It's almost as if Evans believes he's a knockout artist simply because he cracked the glass chin of punch drunk Chuck Liddell a century ago. He isn't. The fact he lost a striking battle with a wrestler who began learning to box the same year Evans won the light heavyweight title is an embarrassment.

Not to take away the improvement of Bader. I mean, the guy's gotten a hell of a lot better on the feet. He may not be exciting, fun to watch, have any knockout power, possess any risk of finishing anybody, do anything remotely interesting or surprising or worthy of discussion in any way, but dude is effective. As in, Jon Fitch effective.

Having said that, I stand by my belief he should get the next title shot for the reasons I already stated. First, it gives us a chance to get rid of him for a while. UFC was forced to do that with Fitch as well, courtesy the epic beatdown GSP laid on his ass. So, we can endure something similar here.

As for Evans, I don't know what he does now. He's 36 years old and is 2-3 in the last three years. Maybe he should take his ass back up to heavyweight where he started, see about one last run at relevancy.


Photo: Troy Taormina-USA TODAY Sports

The only reason to put Shawn Jordan on a pay-per-view card is in the hopes he'll land a sloppy slobbery goodnight kiss on his opponent that can be used to hype up the fans for bigger and better to come. Because you sure as shit aint gonna get any technique or finesse from a Jordan fight.

Russian point fighter Ruslan Magomedov ruined those plans, surviving the early onslaught by Jordan to pick him apart at range in what amounted to a fairly tedious 15 minutes of "action". Jordan had some success with the takedown to start the fight, but soon winded himself chasing the elusive Russian around the cage and was eventually forced to swing wild, useless punches in the hopes of catching a lucky break.

Magomedov is a strange creature for the heavyweight division. A man seemingly dispossessed of power, he fights somewhat like Carlos Condit, using unpredictable kicks and counter strikes while circling away from his opponents to minimize damage to himself. Unlike Condit, however, he seems to have the finishing instinct of a toddler.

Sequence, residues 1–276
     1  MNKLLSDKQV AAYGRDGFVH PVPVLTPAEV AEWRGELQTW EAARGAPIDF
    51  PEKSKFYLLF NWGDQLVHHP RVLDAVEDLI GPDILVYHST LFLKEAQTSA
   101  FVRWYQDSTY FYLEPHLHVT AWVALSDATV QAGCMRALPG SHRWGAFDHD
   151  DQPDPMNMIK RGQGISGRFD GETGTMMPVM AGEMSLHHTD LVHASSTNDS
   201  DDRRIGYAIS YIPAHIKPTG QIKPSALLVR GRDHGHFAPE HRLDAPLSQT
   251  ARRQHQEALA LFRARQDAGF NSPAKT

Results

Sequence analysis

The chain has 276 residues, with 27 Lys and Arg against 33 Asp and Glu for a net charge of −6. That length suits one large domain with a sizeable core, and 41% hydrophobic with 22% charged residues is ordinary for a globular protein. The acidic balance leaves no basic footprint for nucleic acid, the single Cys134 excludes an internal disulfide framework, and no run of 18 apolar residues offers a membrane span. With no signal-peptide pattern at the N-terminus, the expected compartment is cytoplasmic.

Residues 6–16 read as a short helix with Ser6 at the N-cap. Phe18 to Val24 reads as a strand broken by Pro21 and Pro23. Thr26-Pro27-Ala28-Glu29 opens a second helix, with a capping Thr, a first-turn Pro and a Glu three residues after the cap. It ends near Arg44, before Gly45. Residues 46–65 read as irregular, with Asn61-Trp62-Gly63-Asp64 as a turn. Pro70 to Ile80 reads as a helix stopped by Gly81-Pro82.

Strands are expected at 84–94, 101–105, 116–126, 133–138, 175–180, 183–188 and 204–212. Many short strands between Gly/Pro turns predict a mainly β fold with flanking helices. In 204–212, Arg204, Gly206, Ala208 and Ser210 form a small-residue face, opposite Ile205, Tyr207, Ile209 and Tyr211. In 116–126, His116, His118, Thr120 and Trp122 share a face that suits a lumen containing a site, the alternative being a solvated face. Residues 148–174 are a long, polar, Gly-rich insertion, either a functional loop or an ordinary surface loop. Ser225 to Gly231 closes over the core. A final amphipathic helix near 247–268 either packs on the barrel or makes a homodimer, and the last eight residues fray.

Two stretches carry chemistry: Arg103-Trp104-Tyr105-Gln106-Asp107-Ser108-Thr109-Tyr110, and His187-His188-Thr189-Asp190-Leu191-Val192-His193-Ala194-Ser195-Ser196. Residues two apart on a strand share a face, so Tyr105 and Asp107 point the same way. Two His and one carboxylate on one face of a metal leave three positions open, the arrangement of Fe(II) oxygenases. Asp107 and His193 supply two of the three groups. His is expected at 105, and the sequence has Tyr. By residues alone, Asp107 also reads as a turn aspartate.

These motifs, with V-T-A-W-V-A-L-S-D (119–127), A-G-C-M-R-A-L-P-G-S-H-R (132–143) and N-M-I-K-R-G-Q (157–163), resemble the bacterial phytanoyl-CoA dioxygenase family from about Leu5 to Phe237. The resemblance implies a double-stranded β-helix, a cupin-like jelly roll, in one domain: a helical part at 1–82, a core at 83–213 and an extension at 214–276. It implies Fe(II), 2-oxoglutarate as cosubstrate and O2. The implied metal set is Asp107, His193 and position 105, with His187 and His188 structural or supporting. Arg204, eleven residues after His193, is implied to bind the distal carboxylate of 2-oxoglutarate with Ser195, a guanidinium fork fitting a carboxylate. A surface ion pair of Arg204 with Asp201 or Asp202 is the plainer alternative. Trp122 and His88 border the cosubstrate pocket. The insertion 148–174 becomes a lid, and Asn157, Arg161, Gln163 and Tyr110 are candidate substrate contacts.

How else do you explain a 6'3", 236-pound man with six consecutive wins all by decision? Like Bader, he's incredibly effective at what he does, but it sure doesn't make for exciting viewing.

It does make me wonder if the Dagestani fighter could somehow shed 31 pounds and come test his mettle in the light heavyweight division. Still, you know what they say. If it aint broke, don't fix it. Brandon Vera dropped down and look what happened to him.


Photo: Troy Taormina-USA TODAY Sports

When this fight ended I honestly had no idea who won. I figured it would probably go to a split decision. Which is why I found it strange when the judges read out the scorecards of a clean sweep, refusing to even give Ali Bagautinov even one of the close first two rounds.

I thought that the Russian fighter competed very well and landed some of the most impressive shots in the fight. He was elusive, quicker than Benavidez during many exchanges, and kept the pace for the entire fight. Still, according to Fightmetric.com, Benavidez was the more accurate striker.

Honestly, I know I sound a bit like a broken record on this one but you might need to go to Andrew Richardson for a better breakdown of these guys. The flyweights are just too quick, too fleet of foot, and their recovery from punches and kicks makes it nearly impossible for me to tell who's winning in a close fight.

So why did I give the guy who lost a better grade than the guy who won? I really thought that Bagautinov was gifted his title shot against Demetrious Johnson, plowing through two guys who aren't even on the roster anymore and a Flyweight who is now at 135 pounds. So I figured that a guy like Benavidez, who is 11-0 outside of Johnson fights was going to cream this guy.

Instead, Bagautinov showed he's a pretty legit fighter at 125 pounds, landing some impressive shots, outwrestling the Team Alpha Male wrestler, and if I recall correctly, even suplexing him once in the second round. From that perspective, this was a fairly good showing of promise from Bagautinov, even though the judges didn't quite see it that way.


Photo: Troy Taormina-USA TODAY Sports